ARRL

ARRL Propagation Bulletin ARLP016 (2009)

SB PROP @ ARL $ARLP016
ARLP016 Propagation de K7RA

ZCZC AP16
QST de W1AW  
Propagation Forecast Bulletin 16  ARLP016
From Tad Cook, K7RA
Seattle, WA  April 17, 2009
To all radio amateurs 

SB PROP ARL ARLP016
ARLP016 Propagation de K7RA

Still no sunspots, and again we saw a prediction for slightly higher
solar flux slip away.  If you go to
http://www.swpc.noaa.gov/ftpmenu/forecasts/45DF.html and click on
any forecast prior to April 14, you will see solar flux numbers at
72 predicted for the end of this month.  But in the few days since
then, any predicted values over 70 have vanished, including another
set of slightly higher numbers in late May.

NASA had a recent release with new information about coronal mass
ejections as observed by the STEREO mission.  See it at
http://science.nasa.gov/headlines/y2009/14apr_3dcme.htm.

Hank Pfizenmayer, K7HP of Phoenix, Arizona has been using beacons to
let him know when bands are open, and he is discovering what others
have reported, that when a band is quiet, this doesn't mean the
openings are not there.

Hank wrote, "While the VK9GMW folks have been on, I have been
checking the beacons on 17 and 15 meters and on 15 specifically,
well over half the days between 2000z and 0300z I hear the ZL6B
beacon - usually hear the KH6, sometimes the W6. This is with a KT34
at 42 feet in a noisy suburban location. Interesting I have not
heard the VK beacon at all - about 1900 miles farther but
essentially same beam heading   Of course the LU and OA beacons are
there almost every day even with the antenna on VK/ZL. Several days
I can copy the ZL6B beacon at the 100 mW step."

Jeff Hartley, N8II of Shepherdstown, West Virginia had some thoughts
to share with Mickey, K5ML, who had comments featured in last week's
bulletin.

He writes, "I saw your comments in the ARRL prop bulletin and felt
compelled to say few things about conditions now vs. the top of the
cycle."

He continues, "Some parts of the world, mainly some days are much
better than others as was the case this week on April 7th when Spain
was worked on 17M at 2130z and 30M was wide open to EU, AF working
3B8MM, and the western Pacific at the same time allowing me to catch
Mellish Reef for a new one on 30M."

He goes on to say, "SE Asia (even JAs are not easy from here near
DC) are extremely difficult to work here at the bottom of the cycle
especially mid-winter, because there is essentially no useable
ionosphere around the north pole. Also, many ops are poorly equipped
for 10 MHz and below with very limited antennas, but have a
tribander for 10-20M. Some days are much better than others as was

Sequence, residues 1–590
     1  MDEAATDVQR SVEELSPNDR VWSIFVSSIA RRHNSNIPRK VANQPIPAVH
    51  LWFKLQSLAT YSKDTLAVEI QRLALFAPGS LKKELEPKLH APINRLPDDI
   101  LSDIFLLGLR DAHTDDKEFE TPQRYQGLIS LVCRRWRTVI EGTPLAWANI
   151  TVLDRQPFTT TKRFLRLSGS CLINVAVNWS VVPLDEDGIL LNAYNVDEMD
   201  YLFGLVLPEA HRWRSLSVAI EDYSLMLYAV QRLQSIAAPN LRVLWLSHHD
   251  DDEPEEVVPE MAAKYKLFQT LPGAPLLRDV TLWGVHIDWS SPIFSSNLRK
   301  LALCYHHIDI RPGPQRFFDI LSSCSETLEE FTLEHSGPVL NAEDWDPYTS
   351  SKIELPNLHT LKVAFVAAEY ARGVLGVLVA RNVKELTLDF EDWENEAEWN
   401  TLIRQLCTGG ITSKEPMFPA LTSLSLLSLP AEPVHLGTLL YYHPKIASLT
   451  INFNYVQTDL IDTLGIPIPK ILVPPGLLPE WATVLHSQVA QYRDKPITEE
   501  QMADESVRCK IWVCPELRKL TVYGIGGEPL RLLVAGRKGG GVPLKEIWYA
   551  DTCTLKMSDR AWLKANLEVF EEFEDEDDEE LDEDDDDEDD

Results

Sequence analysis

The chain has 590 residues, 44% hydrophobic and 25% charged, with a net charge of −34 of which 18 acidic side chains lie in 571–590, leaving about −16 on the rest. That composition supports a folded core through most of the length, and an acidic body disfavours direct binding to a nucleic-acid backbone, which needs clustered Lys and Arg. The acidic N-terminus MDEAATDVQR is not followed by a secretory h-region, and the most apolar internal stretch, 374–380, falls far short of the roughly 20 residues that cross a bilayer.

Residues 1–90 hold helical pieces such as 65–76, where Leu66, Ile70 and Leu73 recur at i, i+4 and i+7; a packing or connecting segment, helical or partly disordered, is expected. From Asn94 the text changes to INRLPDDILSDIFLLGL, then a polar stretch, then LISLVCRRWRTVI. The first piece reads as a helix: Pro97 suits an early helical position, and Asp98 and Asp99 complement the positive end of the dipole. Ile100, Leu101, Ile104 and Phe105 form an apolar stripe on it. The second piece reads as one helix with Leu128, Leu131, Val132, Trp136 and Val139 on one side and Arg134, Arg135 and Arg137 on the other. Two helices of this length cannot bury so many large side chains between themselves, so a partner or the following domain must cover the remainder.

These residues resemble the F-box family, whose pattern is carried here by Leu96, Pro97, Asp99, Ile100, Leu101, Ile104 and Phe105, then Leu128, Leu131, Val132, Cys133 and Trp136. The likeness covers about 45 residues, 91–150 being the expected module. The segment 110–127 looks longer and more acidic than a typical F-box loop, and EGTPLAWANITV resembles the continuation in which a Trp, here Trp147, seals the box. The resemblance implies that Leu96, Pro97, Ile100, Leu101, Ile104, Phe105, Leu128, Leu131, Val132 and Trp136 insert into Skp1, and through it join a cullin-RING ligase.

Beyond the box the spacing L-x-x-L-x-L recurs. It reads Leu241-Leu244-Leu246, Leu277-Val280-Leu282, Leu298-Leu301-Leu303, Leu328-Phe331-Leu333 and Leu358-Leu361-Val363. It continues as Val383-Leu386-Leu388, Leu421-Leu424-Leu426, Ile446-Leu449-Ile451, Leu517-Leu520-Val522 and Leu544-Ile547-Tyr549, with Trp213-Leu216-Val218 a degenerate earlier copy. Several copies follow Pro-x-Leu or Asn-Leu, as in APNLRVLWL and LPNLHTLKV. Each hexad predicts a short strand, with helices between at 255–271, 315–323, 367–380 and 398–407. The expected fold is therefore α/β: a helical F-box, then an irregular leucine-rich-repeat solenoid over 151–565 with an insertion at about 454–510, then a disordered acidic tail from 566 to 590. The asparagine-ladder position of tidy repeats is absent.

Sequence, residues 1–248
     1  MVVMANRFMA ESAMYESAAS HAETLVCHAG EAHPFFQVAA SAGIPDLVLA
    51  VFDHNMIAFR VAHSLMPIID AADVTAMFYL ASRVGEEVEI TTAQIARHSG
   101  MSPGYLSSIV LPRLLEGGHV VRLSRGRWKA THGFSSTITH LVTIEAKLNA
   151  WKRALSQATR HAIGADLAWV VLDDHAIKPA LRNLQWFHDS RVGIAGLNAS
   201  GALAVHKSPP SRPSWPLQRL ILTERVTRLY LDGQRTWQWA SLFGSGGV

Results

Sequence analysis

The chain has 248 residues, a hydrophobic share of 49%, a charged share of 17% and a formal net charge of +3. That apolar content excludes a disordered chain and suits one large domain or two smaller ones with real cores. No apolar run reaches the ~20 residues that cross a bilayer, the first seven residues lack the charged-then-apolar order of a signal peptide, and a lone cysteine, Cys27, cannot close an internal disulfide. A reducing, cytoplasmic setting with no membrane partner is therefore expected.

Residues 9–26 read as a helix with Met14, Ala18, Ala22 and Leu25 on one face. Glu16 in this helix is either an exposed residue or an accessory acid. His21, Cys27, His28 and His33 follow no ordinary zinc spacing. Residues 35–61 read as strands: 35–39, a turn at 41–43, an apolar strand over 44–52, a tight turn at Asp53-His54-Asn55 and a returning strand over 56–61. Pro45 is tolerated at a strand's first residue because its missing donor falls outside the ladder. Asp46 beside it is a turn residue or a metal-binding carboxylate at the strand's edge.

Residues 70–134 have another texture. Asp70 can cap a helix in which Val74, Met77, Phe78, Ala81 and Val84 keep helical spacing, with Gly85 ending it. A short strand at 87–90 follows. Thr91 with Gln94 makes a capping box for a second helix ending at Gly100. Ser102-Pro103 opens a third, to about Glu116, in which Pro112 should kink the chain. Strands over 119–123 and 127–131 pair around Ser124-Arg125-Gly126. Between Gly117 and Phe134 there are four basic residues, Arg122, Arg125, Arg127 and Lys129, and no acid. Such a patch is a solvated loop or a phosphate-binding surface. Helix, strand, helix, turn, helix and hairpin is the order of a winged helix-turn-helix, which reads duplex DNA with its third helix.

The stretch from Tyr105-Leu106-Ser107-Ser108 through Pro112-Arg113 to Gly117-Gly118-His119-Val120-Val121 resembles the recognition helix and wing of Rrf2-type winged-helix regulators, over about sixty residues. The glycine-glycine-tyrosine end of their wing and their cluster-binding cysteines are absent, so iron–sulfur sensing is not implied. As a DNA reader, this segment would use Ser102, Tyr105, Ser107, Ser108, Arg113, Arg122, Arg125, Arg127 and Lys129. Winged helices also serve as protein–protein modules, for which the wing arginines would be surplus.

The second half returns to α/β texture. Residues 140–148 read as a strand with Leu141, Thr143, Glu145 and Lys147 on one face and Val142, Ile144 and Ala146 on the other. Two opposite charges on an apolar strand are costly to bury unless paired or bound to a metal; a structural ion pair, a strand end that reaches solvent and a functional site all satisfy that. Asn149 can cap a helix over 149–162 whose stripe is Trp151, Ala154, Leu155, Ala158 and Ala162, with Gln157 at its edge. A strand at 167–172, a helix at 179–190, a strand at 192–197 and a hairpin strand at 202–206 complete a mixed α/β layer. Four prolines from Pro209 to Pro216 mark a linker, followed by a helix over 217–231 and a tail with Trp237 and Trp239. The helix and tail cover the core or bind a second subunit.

the case this week on April 7th when Spain was worked on 17M at
2130z and 30M was wide open to EU, AF working 3B8MM, and the western
Pacific at the same time allowing me to catch Mellish Reef for a new
one on 30M."

He ends with, "With your vertical and a good 10M opening, you will
be amazed how strong long haul DX signals are and how easy they are
to work. I was fairly new to DXing in the fall of 1978 and had just
put up a 4 el Yagi for 10M at 45 ft and it was a real killer into
everywhere from central Asia, to Europe, Africa and SA. RH8EAA in
Turkmenistan was S9+ in Oct 78, day after day and I was able to
call CQ and get many answers from UA9 and UL7 (now UN). During one
CQWW CW contest, G4BUO called me running less than one milliwatt and
I was able to copy him on the 2nd try!  So, long story shortened it
is a lot more fun with higher solar activity. 6 meters will be full
of activity at the cycle peak, and I can't wait for the next one. In
the meantime, I'm having fun chasing countries on 160 and 30 meters
primarily and hunting counties as well."

If you would like to make a comment or have a tip for our readers,
email the author at, k7ra@arrl.net.

For more information concerning radio propagation, see the ARRL
Technical Information Service web page at,
http://www.arrl.org/tis/info/propagation.html.  For a detailed
explanation of the numbers used in this bulletin, see
http://www.arrl.org/tis/info/k9la-prop.html.  An archive of past
propagation bulletins is at http://www.arrl.org/w1aw/prop/.

Monthly propagation charts between four USA regions and twelve
overseas locations are at http://www.arrl.org/qst/propcharts/.

Instructions for starting or ending email distribution of this
bulletin are at http://www.arrl.org/w1aw.html#email.

Sunspot numbers for April 9 through 15 were 0, 0, 0, 0, 0, 0, and 0
with a mean of 0.  10.7 cm flux was 70.1, 69.4, 69.3, 69.3, 68.4,
69.4, and 69.4 with a mean of 69.3.  Estimated planetary A indices
were 12, 8, 9, 8, 4, 2 and 3 with a mean of 6.6.  Estimated
mid-latitude A indices were 9, 6, 7, 4, 3, 1 and 2 with a mean of
4.6.
NNNN
/EX